As reported earlier today, BCA Progress PAC Chairman Mike Kemp has resigned his position and withdrawn his membership from the group. Kemp was also set for installation as Chairman of BCA later this year.
The Yellowhammer Multimedia Executive Board has obtained a copy of Kemp’s letter of resignation to BCA Chairman Perry Hand. The letter is dated June 20, 2018.
Based upon Kemp’s position in the organization and the reasons he states for his withdrawal, his leaving BCA is a highly significant development in this ongoing saga.
Kemp served as Progress PAC Chairman and was next in line for the BCA chairmanship.
The funds in Progress PAC, the BCA’s campaign finance apparatus, typically swell above $2 million during any given state election cycle. As this year’s Progress PAC chairman during a busy state election cycle, Kemp was right in the middle of choosing on whom those dollars got spent. Overseeing the distribution of that kind of money brings with it a tremendous amount of power and influence.
Kemp was also set to take over as the next chairman at BCA. The list of people who have held that position reads like a who’s who in the Alabama business community the last 30 plus years. Kemp was set to join an elite group of business leaders.
No one gives all this up lightly.
And so one can imagine that it took grave concerns about the organization’s direction and actions for him to forego the opportunities that lay in front of him.
Kemp’s stated reasons for withdrawal reveal that deeper problems may exist within BCA.
One passage, in particular, jumps out in Kemp’s letter:
“We must also demonstrate unwavering integrity in communicating with and managing the resources of our membership, to whom we are ultimately accountable. This is particularly true in a time of crisis, like the one before us. I am disappointed that the BCA leadership’s actions to date have failed to meet these standards, and as such, are antithetical to my views in all respects.”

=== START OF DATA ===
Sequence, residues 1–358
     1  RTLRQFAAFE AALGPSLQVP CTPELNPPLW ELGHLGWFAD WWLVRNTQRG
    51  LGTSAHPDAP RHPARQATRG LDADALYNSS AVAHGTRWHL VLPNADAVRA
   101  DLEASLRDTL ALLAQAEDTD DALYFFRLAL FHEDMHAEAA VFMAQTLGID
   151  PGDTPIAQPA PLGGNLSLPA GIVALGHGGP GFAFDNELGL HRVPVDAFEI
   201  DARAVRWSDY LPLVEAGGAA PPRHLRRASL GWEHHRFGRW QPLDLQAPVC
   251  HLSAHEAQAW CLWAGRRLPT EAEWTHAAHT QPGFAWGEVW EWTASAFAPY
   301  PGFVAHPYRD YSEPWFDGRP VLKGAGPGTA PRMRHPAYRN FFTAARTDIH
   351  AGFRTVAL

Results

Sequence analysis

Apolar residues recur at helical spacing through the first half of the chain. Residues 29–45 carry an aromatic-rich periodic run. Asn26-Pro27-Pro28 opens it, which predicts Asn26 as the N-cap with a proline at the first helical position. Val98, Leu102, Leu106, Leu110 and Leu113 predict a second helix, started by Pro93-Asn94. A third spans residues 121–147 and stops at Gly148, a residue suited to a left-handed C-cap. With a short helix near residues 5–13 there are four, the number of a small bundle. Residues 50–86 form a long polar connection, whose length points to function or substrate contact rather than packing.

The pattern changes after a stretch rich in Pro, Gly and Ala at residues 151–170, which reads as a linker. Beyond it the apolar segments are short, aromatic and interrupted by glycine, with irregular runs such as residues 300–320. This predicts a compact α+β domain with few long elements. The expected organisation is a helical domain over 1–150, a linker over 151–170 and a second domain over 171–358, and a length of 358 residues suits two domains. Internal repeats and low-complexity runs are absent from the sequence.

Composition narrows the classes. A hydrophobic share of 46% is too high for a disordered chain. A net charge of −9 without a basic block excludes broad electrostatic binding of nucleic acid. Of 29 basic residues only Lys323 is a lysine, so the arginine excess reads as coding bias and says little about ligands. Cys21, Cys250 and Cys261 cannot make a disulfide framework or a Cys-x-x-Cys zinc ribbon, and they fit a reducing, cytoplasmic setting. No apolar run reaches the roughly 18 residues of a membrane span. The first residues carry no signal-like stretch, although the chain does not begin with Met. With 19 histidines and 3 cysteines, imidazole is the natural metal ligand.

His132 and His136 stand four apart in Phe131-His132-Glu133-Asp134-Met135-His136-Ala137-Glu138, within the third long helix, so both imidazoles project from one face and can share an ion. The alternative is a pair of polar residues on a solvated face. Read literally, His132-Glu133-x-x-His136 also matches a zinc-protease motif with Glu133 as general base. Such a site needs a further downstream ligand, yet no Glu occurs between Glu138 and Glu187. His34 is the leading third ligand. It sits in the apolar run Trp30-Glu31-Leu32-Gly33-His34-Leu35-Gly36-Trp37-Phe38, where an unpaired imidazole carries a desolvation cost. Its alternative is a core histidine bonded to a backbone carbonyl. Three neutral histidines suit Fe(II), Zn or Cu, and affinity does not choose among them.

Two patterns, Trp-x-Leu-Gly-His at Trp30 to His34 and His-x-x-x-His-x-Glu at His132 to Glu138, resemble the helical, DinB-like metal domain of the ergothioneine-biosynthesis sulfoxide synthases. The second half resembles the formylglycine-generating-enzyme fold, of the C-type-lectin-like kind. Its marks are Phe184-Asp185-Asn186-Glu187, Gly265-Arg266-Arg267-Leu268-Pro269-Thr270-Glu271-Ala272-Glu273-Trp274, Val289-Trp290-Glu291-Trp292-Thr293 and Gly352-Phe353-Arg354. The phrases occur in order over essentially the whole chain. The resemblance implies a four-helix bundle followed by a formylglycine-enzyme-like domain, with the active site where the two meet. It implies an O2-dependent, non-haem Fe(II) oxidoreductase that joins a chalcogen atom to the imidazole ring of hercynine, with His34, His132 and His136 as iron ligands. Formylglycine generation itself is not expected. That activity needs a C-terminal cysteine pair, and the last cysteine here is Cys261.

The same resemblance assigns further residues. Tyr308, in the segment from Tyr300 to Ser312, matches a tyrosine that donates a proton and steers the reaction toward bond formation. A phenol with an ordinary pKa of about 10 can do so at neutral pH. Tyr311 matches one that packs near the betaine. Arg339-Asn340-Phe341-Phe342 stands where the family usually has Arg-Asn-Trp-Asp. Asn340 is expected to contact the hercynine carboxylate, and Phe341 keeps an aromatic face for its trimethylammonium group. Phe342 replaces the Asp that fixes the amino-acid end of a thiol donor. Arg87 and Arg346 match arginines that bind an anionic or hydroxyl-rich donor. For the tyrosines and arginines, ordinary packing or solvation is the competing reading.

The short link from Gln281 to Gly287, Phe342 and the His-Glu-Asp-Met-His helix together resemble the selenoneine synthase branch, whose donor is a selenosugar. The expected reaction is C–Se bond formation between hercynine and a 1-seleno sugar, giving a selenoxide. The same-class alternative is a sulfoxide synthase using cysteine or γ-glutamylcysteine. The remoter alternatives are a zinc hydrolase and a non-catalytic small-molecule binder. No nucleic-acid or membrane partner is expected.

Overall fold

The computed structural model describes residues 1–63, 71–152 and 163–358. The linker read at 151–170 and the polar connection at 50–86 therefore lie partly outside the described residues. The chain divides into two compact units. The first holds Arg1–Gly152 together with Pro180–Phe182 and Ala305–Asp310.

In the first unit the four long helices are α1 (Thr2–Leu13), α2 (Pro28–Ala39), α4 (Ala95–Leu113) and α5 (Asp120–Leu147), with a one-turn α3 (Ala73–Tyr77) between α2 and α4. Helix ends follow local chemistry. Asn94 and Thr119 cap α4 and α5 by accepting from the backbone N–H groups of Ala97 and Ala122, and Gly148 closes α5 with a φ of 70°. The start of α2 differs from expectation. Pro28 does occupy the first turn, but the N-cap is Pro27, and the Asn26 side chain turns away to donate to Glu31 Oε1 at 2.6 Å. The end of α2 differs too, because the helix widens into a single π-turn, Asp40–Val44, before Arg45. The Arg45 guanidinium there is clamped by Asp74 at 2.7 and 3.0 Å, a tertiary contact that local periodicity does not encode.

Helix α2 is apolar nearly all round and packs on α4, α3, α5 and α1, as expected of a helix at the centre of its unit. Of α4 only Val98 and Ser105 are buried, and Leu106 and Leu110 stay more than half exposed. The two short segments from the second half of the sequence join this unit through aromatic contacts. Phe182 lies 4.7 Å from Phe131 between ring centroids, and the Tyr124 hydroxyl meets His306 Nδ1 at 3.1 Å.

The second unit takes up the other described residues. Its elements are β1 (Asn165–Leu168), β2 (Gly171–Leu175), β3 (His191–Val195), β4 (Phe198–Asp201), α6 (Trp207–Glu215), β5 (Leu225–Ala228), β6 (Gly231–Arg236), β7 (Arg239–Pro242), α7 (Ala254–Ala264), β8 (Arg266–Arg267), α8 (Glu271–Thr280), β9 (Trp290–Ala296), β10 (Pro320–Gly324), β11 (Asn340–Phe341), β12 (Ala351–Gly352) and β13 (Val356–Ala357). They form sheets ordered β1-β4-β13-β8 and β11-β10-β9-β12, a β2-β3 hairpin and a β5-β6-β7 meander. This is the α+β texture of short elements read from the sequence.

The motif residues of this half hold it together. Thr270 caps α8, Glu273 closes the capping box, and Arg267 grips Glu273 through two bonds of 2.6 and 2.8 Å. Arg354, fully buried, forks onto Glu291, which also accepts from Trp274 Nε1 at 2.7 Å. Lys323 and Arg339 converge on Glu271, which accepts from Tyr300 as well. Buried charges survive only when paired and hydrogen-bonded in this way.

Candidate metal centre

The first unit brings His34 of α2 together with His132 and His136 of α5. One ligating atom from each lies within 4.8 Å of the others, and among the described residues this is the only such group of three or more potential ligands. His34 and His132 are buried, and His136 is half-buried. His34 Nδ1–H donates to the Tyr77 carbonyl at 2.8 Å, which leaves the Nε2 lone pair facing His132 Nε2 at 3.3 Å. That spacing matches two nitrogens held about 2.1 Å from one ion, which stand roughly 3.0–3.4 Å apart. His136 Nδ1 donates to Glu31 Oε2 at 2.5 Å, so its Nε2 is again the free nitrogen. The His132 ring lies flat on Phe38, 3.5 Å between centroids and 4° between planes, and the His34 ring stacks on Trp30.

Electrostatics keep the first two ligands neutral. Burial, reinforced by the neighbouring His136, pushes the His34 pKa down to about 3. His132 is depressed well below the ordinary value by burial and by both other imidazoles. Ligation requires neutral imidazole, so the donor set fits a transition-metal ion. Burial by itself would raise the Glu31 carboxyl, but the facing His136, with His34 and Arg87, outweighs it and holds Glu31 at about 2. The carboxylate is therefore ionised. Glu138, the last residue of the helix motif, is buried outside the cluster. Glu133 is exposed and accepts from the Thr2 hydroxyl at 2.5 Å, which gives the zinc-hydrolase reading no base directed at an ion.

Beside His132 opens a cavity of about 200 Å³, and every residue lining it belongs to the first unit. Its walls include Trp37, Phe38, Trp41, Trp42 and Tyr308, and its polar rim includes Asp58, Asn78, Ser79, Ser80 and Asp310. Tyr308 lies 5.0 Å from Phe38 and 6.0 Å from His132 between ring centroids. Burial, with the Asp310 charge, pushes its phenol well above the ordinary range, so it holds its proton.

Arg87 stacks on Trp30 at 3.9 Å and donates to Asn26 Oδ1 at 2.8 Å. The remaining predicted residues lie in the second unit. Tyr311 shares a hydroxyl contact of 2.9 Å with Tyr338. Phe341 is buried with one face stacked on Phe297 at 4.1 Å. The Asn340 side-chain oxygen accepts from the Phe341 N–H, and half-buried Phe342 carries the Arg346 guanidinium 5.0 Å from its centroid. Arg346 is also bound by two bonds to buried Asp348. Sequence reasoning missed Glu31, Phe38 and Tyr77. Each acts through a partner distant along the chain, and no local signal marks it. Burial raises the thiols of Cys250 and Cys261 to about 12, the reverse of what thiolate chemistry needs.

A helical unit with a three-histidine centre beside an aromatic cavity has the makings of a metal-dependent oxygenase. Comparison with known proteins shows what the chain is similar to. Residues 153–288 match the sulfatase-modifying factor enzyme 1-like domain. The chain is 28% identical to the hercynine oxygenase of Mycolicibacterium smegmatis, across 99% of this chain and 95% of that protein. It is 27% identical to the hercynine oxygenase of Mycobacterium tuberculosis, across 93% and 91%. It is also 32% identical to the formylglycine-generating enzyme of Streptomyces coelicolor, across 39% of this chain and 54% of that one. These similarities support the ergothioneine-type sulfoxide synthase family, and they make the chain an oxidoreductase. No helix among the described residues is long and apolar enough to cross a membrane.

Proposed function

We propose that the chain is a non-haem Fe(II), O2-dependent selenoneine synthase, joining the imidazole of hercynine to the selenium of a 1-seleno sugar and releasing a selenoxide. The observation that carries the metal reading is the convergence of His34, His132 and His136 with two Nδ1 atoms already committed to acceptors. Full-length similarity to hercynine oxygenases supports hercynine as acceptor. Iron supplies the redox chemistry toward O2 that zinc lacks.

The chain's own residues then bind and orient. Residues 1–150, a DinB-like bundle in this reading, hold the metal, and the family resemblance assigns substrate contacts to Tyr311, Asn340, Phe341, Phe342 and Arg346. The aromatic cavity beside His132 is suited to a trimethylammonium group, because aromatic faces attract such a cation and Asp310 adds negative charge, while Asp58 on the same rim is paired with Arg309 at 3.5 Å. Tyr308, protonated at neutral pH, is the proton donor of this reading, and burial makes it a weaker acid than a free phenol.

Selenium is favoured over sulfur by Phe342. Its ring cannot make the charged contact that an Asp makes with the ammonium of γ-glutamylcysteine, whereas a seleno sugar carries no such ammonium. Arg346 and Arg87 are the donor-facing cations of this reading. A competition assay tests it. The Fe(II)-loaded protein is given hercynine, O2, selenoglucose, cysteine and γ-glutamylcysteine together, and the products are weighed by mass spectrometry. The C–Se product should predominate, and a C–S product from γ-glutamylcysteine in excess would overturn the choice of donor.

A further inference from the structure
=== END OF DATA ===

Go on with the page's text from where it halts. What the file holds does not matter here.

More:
Without elaborating in more detail, Kemp clearly identifies internal communications and financial management as contributing factors to his withdrawal. The organization recorded annual expenses of $4.7 million, according to IRS documents filed in 2016. With so many large members having left already, BCA will likely encounter an even greater budget shortfall. Time will reveal the severity of these shortfalls given that any proposal to dip into organizational reserves requires adoption by the full 132 member board. Additionally, according to multiple sources, a full financial audit of the organization is being pursued.
Attempts at communication within BCA were poor. We have been told repeatedly by current members of the Executive Committee that no one was updated with any regularity. The details surrounding transition were murky. Members feel as if they are being kept at arms-length.
Kemp was a trusted mediator.
Kemp worked diligently to find a solution to the problems that have contributed to this crisis. Other members trusted Kemp based upon his prudent and measured approach. He was making a genuine, good-faith effort to preserve the mission of the organization and improve our state’s economy.
The fact that he has withdrawn completely from BCA would indicate that the group’s leadership has strayed too far from its mission and the problems are beyond repair.
The Yellowhammer Multimedia Executive Board is comprised of the owners of the company.
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